classic experimental paradigm for contiguity theory is cats learning to escape
from a puzzle box (Guthrie & Horton, 1946). Guthrie used a glass box which
allowed him to photograph the movements of cats. These photographs showed that
cats learned to repeat the same movements associated with the preceding escape
from the box. In this vein, improvement comes about when irrelevant movements
are unlearned or not included in successive associations. Drawing upon
behaviouristic principles, contiguity theory sets out to show that, in order for
conditioning to occur, the organism must actively respond; inasmuch as learning
involves the conditioning of specific behaviours, instruction boils down to
presenting very specific tasks; exposure to variations in stimulus patterns is
necessary in order to produce a generalized response; and the last response in a
stimulus-response situation should be correct since it is this one that will be
associated (see http://www.educationau.edu.au/archives/cp/04b.htm).
Within a positivistic tradition, so to speak, under which come the theories of behaviourism, contiguity theory, and many others, the learner was, and still is, seen as relatively passive, ‘simply absorbing information transmitted by a didactic teacher’ (Long, 2000: 6). In the universe created by these paradigms, the powerless learner is “worlds apart” from the omniscient and powerful teacher, whose main concern is to ‘deliver a standard curriculum and to evaluate stable underlying differences between children’ (ibid.). Against this background, the cognitive paradigm of constructivism has been instrumental in shifting the locus of responsibility for learning from the teacher to the learner, who is no longer seen as passive or powerless. The student is viewed as an individual who is active in constructing new knowledge and understanding, while the teacher is seen as a facilitator rather than a “dictator” of learning. Yet, despite its “democratic” nature, many contemporary philosophers and educationalists have tried to demolish or vitiate some of its principles. Such a discussion is outside the remit of this study, of course. We will only briefly mention George Hein (1991, see www.exploratorium.edu/IFI/resources/constructivistlearning.html), who voices some reservations about constructivist learning.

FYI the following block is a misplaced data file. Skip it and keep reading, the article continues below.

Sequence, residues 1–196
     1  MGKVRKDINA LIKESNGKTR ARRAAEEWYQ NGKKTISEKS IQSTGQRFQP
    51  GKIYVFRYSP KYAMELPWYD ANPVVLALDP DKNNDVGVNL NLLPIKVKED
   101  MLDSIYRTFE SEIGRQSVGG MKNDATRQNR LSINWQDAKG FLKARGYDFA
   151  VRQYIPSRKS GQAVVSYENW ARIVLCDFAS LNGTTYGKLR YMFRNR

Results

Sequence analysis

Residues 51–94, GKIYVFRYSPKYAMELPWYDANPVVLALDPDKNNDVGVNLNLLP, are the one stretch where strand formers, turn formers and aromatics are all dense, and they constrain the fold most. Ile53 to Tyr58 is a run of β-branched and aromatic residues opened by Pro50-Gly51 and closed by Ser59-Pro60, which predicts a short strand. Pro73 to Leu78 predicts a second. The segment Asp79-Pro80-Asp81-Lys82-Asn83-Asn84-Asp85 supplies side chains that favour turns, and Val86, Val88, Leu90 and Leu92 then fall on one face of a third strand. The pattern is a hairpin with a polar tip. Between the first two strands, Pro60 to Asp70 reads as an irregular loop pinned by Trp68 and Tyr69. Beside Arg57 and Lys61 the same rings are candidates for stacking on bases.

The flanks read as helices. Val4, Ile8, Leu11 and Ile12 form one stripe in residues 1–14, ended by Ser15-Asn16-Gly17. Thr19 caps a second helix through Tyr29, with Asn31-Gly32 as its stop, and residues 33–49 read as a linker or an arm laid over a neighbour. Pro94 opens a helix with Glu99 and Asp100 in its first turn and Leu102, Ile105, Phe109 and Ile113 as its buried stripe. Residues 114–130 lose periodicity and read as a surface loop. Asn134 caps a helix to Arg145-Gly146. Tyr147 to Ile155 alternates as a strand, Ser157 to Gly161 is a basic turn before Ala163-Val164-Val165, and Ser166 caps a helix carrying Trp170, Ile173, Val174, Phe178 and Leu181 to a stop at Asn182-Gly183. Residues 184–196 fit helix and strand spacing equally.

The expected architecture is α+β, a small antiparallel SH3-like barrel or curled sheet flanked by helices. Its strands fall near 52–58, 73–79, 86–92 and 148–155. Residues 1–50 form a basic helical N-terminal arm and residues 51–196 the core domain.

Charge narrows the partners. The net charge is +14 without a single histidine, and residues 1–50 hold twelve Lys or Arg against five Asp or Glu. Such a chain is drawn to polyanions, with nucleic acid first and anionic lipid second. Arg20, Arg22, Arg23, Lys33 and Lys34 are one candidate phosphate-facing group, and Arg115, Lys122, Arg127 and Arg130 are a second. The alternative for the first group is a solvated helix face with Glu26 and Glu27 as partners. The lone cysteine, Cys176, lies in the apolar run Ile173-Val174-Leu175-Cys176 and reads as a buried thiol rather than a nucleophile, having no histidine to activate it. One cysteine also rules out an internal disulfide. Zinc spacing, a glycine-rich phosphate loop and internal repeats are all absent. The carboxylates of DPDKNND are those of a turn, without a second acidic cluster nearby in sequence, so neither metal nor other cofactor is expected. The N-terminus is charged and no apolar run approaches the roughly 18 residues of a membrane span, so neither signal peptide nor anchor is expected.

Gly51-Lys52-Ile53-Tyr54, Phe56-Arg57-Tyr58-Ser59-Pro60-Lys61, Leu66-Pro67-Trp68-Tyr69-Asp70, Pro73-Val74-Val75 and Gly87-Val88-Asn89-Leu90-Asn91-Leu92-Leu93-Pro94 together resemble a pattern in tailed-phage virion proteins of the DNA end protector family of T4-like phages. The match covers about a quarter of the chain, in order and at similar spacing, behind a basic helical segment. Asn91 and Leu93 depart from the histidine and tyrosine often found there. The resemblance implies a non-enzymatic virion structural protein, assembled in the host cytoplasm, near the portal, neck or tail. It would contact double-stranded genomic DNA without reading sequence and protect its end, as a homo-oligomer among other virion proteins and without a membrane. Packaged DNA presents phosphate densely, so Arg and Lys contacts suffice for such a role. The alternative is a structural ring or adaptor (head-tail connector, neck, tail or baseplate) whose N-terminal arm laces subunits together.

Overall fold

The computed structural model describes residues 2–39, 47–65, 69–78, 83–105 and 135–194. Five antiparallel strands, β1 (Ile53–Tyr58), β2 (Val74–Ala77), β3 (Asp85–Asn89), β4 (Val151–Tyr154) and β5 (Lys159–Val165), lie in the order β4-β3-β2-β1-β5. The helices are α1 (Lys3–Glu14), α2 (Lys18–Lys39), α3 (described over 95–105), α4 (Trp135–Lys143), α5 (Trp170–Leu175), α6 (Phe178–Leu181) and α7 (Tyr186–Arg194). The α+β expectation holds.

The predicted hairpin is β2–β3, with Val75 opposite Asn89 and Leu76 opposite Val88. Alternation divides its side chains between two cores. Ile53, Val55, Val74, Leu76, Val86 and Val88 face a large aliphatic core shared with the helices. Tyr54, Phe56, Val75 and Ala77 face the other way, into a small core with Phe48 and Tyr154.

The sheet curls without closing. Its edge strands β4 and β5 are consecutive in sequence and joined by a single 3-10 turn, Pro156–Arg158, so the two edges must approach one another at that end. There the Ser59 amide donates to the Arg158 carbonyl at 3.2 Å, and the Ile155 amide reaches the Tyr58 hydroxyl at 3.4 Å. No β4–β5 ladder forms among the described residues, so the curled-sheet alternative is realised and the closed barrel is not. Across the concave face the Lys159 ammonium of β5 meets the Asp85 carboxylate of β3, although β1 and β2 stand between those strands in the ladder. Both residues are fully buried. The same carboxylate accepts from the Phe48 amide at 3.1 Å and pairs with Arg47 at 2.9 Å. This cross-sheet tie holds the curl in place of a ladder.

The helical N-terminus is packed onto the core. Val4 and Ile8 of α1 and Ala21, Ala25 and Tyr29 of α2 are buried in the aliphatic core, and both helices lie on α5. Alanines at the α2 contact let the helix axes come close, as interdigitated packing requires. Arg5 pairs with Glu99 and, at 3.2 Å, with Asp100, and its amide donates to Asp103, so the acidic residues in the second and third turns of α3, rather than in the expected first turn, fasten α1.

Hein, constructivism, although it appears radical on an everyday level, ‘is
a position which has been frequently adopted ever since people began to ponder
epistemology’ (ibid.). According to him, if we align ourselves with